Bodies piling up so quickly it takes dump trucks to haul them away. Barbed wire to keep whole neighborhoods quarantined. It's Hollywood's version of bird flu, a blur of fact and fiction that some scientists say could confuse the public.
"Fatal Contact: Bird Flu in America," an ABC made-for-television movie, airs May 9, just as scientists are to begin testing of wild birds in Alaska that could herald the arrival of bird flu in North America. Scientists fear the bird flu virus could evolve so it could be passed from human to human, sparking a global pandemic.
The two-hour movie plays up that notion to the fullest, with a running ticker that tallies tens of millions of victims worldwide. In one scene, the bodies are thrown on a pyre, like the carcasses of cows torched in the 2001 foot-and-mouth disease outbreak in Great Britain. The producers of the movie, from the writer of 2002's "Atomic Twister," bill their work as a "thinking man's disaster film."
"We call this a plausible, worst-case scenario. This could actually happen. It may not be this bad but it could be this bad. The reason to portray it this way is to kind of give a wake-up call to everyone and this is something we shouldn't ignore and we should be as prepared as we should be," said Diana Kerew, one of the movie's executive producers.
Bird flu expert Michael Osterholm said the movie realistically portrays the shortages of goods and services, and some of the ensuing panic, that could occur in a pandemic. But Osterholm frets the blurring of information and entertainment could do the public a disservice and hopes to arrange a conference call with television critics before the movie airs to set the record straight. He singled out for criticism how the movie shows Virginia officials using barbed wire to fence off and quarantine entire neighborhoods.
"This is too far important an issue to create further confusion in the public's mind," said Osterholm, who directs the Center for Infectious Disease Research and Policy at the University of Minnesota.
For the record, a spokesman for Virginia Gov. Tim Kaine said the commonwealth has no plans to roll out cyclone fences and barbed wire. "We haven't done that since, oh, the '50s," joked Kevin Hall.
"Fatal Contact" begins in China, where — in the movie — the bird flu virus has mutated to the point where it's being passed human to human. It's only when an American businessman — "patient zero" — prepares to catch a flight out of Hong Kong, after crossing paths with an infected factory worker, that the global pandemic really gets started. Playing supporting roles are a wadded-up cocktail napkin, stuffed olive and an apparently less-than-sterile martini.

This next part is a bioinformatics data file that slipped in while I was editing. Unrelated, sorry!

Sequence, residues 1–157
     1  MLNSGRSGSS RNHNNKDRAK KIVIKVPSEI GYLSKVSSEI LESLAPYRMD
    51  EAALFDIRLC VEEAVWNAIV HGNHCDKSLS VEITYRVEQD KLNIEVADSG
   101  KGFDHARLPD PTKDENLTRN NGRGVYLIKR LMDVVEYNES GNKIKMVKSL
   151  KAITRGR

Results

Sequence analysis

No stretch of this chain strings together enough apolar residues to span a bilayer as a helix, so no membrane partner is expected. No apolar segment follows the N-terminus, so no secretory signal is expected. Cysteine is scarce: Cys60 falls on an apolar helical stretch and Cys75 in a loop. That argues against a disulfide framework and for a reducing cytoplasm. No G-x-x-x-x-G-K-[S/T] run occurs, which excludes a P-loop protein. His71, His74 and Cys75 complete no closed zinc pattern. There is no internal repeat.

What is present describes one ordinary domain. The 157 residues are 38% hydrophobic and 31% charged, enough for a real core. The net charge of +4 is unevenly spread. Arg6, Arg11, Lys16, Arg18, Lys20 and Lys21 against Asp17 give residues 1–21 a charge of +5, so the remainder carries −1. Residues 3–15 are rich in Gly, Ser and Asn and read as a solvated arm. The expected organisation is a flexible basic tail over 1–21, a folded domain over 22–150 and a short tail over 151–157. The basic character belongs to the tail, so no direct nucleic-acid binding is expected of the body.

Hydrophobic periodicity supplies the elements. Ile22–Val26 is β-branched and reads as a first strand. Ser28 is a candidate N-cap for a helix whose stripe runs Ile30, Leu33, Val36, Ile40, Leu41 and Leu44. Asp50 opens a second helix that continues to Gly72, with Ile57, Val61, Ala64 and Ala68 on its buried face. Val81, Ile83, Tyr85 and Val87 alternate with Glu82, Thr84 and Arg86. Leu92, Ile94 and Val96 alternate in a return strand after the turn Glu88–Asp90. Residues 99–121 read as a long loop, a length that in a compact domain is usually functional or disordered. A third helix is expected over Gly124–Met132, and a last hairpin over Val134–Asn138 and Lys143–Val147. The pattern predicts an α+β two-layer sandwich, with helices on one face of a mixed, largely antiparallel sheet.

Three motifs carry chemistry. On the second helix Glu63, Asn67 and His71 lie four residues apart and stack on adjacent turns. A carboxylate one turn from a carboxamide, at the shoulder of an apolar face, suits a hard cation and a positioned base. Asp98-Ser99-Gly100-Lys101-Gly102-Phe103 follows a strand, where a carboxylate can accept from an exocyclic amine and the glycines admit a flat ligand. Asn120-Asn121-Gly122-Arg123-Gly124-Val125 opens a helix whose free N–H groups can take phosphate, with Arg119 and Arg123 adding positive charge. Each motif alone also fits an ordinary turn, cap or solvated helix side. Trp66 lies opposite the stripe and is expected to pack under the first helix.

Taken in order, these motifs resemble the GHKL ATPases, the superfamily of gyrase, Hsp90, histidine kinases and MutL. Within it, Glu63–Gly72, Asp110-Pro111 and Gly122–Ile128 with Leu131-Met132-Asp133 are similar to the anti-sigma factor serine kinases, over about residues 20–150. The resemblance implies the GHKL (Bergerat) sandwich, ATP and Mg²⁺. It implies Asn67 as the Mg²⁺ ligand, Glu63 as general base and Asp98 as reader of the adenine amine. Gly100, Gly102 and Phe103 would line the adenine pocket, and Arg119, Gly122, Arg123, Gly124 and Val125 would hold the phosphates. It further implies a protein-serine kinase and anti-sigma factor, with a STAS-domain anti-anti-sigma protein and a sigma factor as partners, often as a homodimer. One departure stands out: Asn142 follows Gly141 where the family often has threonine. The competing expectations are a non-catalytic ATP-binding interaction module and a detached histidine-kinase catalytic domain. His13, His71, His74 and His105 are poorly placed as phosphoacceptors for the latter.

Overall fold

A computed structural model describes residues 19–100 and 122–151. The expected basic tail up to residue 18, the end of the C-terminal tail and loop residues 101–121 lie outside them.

The movie suggests the Richmond, Va., businessman infects several dozen airline passengers, who scatter around the globe. Viewers may never accept a hot towel from a flight attendant again.
Health officials catch on quickly, but apparently are slow to tell the rest of us. At least two weeks pass before the president bothers to let on that it's the 1918 flu pandemic all over again.
That apparently didn't faze the dozen or so Department of Health and Human Services officials who screened the film at the request of The Associated Press.
Dr. Bruce Gellin, director of the National Vaccine Program office, praised the movie's timeliness in raising public awareness of bird flu, as well as its portrayal of "a number of potentially realistic scenarios." Those include the limited availability of antiviral medicines in a pandemic, the months it could take to develop an effective vaccine and in turn how the United States could be dependent on other countries — yes, that means France — to provide vaccine. The movie's stressing of the importance of planning also won kudos from the department.
ABC will broadcast the movie during sweeps, when networks often trot out scare fare to boost the ratings that help determine local advertising rates. The network isn't pushing "Fatal Contact" hard but has played up the bona fides of the movie, which it claims was "meticulously researched."
"There's a lot of science in the movie about why this would be scary if this were to arrive. Unfortunately, in our scenario, it is too late to stop the spread and that is what is being predicted by scientists if this were to occur," said Judith Verno, who co-produced the movie with Kerew for Sony Pictures Television.
The filmmakers even brought in historian John Barry, author of the best-selling book "The Great Influenza: The Epic Story of the Deadliest Plague in History," to review the script and make suggestions. Barry, in a telephone interview, said his involvement was much more limited than ABC has suggested. He did, however, dissuade them from showing the Centers for Disease Control and Prevention as having its own fleet of jets.
"I have some problems with it," Barry said. "It's certainly not a documentary."